The 2007 Vening Meinesz Medal is awarded to Thomas Herring for his outstanding contributions to the advancement of space geodetic techniques for geodynamic studies.
Professor Thomas A. Herring was born in 1955 in Cooroy/Queensland, Australia. He was educated at the University of Queensland, with a Bachelor and Master Degree in Surveying. He received his Ph.D. in 1983 from the Department of Earth, Atmospheric, and Planetary Sciences at the Massachusetts Institute of Technology (MIT). His scientific career has included positions at the University of Queensland and at Harvard University. He is currently a Professor of Geophysics at MIT.
Tom Herring’s career has been marked by leadership in the use of space-geodetic measurements to study the properties of the Earth. His first paper established the ability of very-long-baseline interferometry (VLBI) to measure inter continental baselines with centimeter precision. Five years later, he and his colleagues published the first conclusive evidence from VLBI of tectonic plate motions. The improved analysis of VLBI data also led to an empirical nutation model, which was used by the International Earth Rotation Service for sometime. He was the first to determine the Free Core Nutation resonance from VLBI observation of nutation and determined important core properties with unprecedented accuracy. In the early 90’s, Tom Herring continued his VLBI studies, but also began to make important contributions to the understanding of global and regional geodynamics using the global positioning system (GPS). He demonstrated that Earth rotation variations could be derived from GPS observations. He contributed significantly to the combination of geodetic techniques for the determination of the velocity field for Southern California, using time series of heterogeneous data sets from VLBI and GPS observation. By combining a critical understanding of the inherent deficiencies in space-geodetic measurements with a vision of their potential accuracy, Tom Herring has consistently pushed the analyses of space geodetic observations to higher levels.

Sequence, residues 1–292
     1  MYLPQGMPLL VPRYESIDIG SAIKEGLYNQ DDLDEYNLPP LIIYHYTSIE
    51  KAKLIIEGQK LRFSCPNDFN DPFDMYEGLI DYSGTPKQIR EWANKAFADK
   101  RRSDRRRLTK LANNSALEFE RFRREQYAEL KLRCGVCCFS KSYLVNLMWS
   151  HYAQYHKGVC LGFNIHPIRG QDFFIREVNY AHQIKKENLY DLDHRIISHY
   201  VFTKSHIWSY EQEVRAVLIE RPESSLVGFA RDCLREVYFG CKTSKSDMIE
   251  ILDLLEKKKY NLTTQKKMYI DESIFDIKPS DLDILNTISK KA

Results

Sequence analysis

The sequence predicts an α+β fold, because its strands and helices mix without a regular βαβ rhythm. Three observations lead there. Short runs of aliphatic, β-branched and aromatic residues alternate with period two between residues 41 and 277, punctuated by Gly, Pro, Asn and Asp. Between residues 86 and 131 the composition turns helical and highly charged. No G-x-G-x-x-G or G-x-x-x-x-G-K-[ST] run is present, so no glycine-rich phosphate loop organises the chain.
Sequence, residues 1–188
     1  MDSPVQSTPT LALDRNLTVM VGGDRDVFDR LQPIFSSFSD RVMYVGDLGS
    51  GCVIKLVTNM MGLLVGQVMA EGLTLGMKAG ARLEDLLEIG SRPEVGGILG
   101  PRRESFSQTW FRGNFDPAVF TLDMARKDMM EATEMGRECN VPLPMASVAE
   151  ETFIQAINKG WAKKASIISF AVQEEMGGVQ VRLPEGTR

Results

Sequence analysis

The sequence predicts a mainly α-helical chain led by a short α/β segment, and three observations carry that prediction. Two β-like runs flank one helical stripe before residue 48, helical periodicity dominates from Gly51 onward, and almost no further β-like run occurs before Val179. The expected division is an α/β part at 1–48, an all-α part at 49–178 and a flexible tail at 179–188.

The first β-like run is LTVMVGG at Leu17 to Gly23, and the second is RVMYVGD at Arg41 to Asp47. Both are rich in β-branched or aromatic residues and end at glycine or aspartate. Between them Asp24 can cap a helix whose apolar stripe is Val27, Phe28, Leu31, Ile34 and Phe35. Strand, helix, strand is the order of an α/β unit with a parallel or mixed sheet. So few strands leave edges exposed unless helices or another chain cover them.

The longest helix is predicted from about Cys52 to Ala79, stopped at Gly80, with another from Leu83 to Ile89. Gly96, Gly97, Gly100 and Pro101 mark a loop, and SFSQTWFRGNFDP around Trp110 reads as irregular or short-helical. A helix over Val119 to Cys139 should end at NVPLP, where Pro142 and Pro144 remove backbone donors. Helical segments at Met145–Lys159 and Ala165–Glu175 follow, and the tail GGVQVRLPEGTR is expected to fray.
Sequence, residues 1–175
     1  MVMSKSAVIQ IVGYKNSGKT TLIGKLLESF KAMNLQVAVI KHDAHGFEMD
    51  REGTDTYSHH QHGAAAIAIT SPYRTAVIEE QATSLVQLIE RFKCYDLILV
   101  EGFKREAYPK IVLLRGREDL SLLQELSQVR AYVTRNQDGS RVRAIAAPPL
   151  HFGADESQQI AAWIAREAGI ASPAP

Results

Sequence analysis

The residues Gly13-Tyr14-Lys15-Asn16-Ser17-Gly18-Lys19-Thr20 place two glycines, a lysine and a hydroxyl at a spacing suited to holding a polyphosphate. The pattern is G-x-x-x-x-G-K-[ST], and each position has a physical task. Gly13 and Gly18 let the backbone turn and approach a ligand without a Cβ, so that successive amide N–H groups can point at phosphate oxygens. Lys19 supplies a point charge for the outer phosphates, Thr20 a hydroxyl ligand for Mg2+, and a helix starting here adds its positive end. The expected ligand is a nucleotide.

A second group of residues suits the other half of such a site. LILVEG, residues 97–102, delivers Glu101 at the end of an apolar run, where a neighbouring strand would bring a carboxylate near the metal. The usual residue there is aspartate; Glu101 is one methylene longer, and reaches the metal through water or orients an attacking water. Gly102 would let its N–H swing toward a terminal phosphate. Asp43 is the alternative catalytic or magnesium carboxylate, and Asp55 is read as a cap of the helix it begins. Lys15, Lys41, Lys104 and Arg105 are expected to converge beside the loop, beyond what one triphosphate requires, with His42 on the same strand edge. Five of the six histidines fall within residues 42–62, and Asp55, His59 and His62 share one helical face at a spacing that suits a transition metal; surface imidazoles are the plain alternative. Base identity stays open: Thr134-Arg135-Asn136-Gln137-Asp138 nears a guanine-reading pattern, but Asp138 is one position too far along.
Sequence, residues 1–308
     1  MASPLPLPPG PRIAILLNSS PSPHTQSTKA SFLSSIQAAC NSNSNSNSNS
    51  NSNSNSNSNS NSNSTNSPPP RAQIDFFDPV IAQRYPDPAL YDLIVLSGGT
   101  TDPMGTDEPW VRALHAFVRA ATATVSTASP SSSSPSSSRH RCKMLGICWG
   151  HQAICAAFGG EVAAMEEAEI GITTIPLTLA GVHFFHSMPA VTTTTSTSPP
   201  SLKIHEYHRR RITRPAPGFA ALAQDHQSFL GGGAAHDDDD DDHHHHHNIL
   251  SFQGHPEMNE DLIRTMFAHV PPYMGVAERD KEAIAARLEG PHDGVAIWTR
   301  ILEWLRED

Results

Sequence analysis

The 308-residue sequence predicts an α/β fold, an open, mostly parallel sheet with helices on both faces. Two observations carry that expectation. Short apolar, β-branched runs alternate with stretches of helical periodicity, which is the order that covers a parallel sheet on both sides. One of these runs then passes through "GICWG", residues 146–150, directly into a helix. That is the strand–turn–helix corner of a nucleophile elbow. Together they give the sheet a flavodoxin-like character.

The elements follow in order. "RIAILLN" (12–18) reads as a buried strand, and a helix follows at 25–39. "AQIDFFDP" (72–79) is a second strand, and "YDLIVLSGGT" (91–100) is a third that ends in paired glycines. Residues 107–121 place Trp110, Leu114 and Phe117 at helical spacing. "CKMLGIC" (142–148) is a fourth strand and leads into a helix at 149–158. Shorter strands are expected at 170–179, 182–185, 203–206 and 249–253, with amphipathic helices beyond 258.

He has edited an American Geophysical Union Monograph, has contributed articles to 6 books, and has published over 75 peer reviewed journal articles. Community respect for his leadership and scientific insight has led to his serving the geodetic community at very high levels. This includes serving on many National Research Council panels, serving on the National Academy of Sciences Geodynamics Committee, contributing to NASA’s Solid Earth Sciences working groups and review panels, serving on and chairing International Association of Geodesy (IAG) working groups, and serving on the Directing Board as well as Director of the University Navstar Consortium (UNAVCO) Inc..
His contributions to geodesy have been marked by numerous accolades, including the NASA Group Achievement Award for his work on the Crustal Dynamics Project (1986 and 1993), the American Geophysical Union’s, Macelwane Medal awarded for significant contributions to the geophysical sciences by an outstanding young scientist (1991), and the Bomford Prize given by the IAG at four years intervals to a young scientist for outstanding contributions to geodetic studies (1995).